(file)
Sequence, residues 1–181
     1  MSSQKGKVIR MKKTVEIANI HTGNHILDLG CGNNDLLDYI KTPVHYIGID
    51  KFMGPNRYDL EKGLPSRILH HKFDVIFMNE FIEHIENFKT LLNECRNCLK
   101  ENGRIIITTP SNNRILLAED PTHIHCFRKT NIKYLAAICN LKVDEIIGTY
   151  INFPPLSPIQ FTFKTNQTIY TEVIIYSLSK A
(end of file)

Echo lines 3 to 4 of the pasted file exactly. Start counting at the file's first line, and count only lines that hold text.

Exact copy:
    51  KFMGPNRYDL EKGLPSRILH HKFDVIFMNE FIEHIENFKT LLNECRNCLK
   101  ENGRIIITTP SNNRILLAED PTHIHCFRKT NIKYLAAICN LKVDEIIGTY